Mount Macpherson
Although not nearly as striking as nearby Mount Begbie, Mount Macpherson is still a prominent landmark which is visible from the town of Revelstoke, British Columbia.  On 3 September 2018, Marta Wojnarowska, Zosia Zgolak and I scrambled up Mount Macpherson via its west ridge, and we relied on Ben Wilkey's trip report for guidance.

From the Trans-Canada Highway, turn south onto Three Valley-Victor Forest Service Road which is located 17 kilometres west of the junction with Highway 23 or about 500 metres east of the turnoff to Three Valley Lake Chateau.  Ignore all side roads and drive for about 4.5 kilometres before crossing a bridge over English Creek (erroneously marked as Eagle River on some maps).  Drive for another 7.5 kilometres to the trailhead which is marked by a small cairn and flagging under some power lines.  The gravel road is generally well-maintained, but a high-clearance vehicle is recommended.  The steep climb up the last kilometre or so before the trailhead may require a vehicle with 4WD capabilities.  A creek flowing across the road just metres shy of the trailhead may or may not be passable.

Since Wilkey published his trip report, a good trail has been cleared through the initial cut block, and we easily followed the trail to the edge of the forest to the south.  The trail makes an abrupt right turn here and climbs over a small hill before dropping down into the drainage on the other side.  Even at this early stage, we were staggered by an abundance of ripe huckleberries all along the trail, and it took great restraint on our part to ignore the bountiful bushes and keep moving.
I probably could have driven through the creek if I was feeling really lazy! Sonny's car is parked short of the trailhead which is just beyond the creek running across the road.
Good, we're still on the right track! Zosia finds a good trail heading into the cut block.
Can't...stop...eating! Ripe huckleberries are abundant in the forest on this day.
During the next 80 minutes, we followed the trail up the drainage and eventually transitioned from the forest to a broad gully.  We wandered a little off the beaten path at one point, but the terrain is open enough here that we were able to get back on track fairly easily.  The gully leads to a meadowy pass, and when we arrived, much of the pass was shrouded in thick mist.  We almost made the mistake of following flagging down the other side of the pass (the trail continues to English Lake), but after a quick check of my GPS unit, we corrected our course and headed east up a forested slope.  I was expecting some light bushwhacking on this slope but was pleasantly surprised to find a flagged trail winding up through the trees.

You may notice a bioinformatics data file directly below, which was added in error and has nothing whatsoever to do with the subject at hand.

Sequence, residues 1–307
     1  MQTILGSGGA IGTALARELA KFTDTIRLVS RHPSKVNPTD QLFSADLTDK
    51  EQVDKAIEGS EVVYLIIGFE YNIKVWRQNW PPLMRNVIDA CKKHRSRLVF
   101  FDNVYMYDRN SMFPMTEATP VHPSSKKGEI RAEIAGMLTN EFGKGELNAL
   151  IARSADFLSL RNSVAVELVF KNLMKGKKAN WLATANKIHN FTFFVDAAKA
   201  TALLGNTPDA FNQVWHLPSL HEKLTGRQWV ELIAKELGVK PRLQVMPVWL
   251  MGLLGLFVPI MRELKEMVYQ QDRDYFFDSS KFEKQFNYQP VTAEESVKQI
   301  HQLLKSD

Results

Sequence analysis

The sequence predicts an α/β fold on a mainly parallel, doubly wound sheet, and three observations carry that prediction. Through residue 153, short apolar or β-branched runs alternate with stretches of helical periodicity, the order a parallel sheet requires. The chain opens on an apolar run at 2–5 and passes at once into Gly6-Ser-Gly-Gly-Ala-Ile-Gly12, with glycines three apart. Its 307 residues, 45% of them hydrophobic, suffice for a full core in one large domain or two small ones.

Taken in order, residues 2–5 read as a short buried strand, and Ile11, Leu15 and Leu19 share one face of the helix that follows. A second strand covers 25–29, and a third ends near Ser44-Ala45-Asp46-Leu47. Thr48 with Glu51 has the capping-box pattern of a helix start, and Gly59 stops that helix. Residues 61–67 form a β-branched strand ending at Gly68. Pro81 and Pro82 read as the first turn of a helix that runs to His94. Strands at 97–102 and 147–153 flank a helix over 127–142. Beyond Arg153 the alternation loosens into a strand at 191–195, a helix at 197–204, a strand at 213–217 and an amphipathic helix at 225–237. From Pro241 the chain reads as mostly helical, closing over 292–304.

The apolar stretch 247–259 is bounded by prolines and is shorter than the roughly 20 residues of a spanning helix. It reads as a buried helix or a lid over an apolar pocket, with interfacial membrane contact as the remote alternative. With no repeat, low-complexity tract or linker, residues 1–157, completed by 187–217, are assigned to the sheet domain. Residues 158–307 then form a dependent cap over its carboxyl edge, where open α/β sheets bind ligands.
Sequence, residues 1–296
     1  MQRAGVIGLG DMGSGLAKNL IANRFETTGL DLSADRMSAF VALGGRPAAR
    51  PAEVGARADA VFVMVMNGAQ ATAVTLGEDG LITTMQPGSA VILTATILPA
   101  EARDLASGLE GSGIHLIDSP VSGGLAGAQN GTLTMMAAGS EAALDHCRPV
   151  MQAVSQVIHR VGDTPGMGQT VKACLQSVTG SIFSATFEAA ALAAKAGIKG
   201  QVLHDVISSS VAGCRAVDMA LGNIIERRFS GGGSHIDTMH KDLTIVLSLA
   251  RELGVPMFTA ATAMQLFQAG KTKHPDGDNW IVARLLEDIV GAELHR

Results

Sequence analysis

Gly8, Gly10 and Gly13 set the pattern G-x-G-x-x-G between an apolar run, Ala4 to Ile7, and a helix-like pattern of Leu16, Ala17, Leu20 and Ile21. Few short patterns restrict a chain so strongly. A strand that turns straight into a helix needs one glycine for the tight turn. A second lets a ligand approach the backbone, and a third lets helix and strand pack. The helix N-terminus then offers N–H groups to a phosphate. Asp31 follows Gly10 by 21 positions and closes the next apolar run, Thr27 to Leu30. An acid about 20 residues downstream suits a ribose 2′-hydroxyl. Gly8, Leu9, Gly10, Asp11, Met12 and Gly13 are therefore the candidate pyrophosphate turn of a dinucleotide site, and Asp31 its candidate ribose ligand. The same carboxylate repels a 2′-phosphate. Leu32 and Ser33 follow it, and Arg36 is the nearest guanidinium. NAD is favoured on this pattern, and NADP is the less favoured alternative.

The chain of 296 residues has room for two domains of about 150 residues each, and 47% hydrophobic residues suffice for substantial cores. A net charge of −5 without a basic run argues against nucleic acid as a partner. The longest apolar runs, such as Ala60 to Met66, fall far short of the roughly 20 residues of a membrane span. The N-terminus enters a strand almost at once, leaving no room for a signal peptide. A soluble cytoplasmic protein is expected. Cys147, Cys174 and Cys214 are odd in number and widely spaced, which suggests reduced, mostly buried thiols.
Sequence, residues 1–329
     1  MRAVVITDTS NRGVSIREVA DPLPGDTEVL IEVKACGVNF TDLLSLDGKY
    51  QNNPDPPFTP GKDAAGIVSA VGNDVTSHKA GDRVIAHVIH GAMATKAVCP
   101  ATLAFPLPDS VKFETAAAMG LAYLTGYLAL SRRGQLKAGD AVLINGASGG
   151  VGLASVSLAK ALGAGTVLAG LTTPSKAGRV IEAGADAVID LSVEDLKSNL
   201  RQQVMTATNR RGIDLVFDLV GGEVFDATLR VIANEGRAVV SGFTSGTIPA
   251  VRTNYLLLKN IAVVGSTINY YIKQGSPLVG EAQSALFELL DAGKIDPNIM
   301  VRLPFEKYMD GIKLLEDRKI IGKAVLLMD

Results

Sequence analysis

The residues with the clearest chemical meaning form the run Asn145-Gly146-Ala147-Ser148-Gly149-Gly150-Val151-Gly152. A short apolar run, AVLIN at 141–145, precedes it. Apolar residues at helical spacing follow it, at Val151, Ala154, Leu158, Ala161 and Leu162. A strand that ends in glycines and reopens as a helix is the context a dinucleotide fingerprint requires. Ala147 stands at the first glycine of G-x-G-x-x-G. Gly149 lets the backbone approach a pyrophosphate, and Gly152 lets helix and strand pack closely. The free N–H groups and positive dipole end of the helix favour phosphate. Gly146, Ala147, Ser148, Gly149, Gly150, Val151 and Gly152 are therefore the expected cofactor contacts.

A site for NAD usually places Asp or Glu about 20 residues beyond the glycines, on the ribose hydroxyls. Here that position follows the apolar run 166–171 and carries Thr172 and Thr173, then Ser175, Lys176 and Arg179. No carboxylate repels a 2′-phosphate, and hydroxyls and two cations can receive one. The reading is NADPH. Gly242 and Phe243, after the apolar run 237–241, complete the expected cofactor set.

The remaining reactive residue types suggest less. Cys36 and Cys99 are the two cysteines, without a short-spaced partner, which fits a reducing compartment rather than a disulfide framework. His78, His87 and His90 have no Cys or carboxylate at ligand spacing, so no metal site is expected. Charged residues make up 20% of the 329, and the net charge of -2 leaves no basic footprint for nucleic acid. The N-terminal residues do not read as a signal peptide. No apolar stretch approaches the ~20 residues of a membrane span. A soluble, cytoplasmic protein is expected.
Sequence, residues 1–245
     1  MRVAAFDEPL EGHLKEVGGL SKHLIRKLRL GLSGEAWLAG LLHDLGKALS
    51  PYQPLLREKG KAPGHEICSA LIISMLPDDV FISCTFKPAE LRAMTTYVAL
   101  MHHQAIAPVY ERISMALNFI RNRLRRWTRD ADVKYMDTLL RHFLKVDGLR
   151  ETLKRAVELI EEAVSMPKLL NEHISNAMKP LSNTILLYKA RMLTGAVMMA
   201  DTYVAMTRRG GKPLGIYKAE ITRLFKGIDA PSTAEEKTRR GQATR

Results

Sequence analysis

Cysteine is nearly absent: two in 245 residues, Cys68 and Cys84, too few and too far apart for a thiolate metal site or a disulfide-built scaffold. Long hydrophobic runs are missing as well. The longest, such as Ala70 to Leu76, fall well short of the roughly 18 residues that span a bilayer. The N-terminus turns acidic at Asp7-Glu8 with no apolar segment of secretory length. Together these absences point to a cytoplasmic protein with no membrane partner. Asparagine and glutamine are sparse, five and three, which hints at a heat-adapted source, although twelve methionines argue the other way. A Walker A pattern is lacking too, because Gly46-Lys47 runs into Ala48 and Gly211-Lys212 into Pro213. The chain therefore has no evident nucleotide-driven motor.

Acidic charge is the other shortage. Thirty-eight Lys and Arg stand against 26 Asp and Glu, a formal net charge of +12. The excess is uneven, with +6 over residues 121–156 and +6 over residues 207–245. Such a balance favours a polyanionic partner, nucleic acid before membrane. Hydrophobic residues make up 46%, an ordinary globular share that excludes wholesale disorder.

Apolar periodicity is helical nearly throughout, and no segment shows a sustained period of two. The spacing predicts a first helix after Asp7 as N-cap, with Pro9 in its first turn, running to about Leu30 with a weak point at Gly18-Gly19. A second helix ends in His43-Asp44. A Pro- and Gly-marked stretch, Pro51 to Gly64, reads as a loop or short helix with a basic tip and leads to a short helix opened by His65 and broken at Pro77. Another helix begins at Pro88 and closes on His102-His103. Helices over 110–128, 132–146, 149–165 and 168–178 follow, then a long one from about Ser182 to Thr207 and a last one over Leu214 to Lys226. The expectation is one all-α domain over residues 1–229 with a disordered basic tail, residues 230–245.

Further up, we briefly went a bit off-route again at the bottom of a talus slope.  While the correct route skirts around the edge of the boulders to climber's right, we simply climbed straight up until we spotted flagging again in some trees just below a steep chute.  Some easy scrambling brought us next to a cairn at the top of this chute.  The cairn marks the start of the "plateau" section--more like a broad ridge--as described by Wilkey.
I guess the flagging snobs haven't gotten to this trail yet! The trail is flagged and easy to follow through the forest.
Keep on grinding! Marta and Zosia continue to follow a beaten path up a broad gully.

It's easy to get lost in this soup!

Marta and Zosia walk by a huge boulder at a pass which is shrouded in mist.


If you find yourself at a lake, you've gone the wrong way! Zosia and Marta find a flagged trail which climbs up the forested slope east of the pass.
Look at the determination on that face! After climbing up a talus slope, Marta squeezes through some trees at the bottom of a steep chute granting access to the upper ridge.
Just like at the pass, visibility was limited by mist and low clouds as we hiked eastward from the cairn.  I consulted my GPS unit regularly to keep us on track, but even then, we still meandered a bit on the broad ridge.  Contrary to what Wilkey describes as "the almost flat 4 km long plateau that leads to the summit of Macpherson", there is a significant amount of elevation loss and regain along the way (expect to add about 400 metres of cumulative elevation gain to the round-trip totals).  While most of the traverse entails easy off-trail hiking, there are one or two spots that require some hands-on scrambling or route-finding.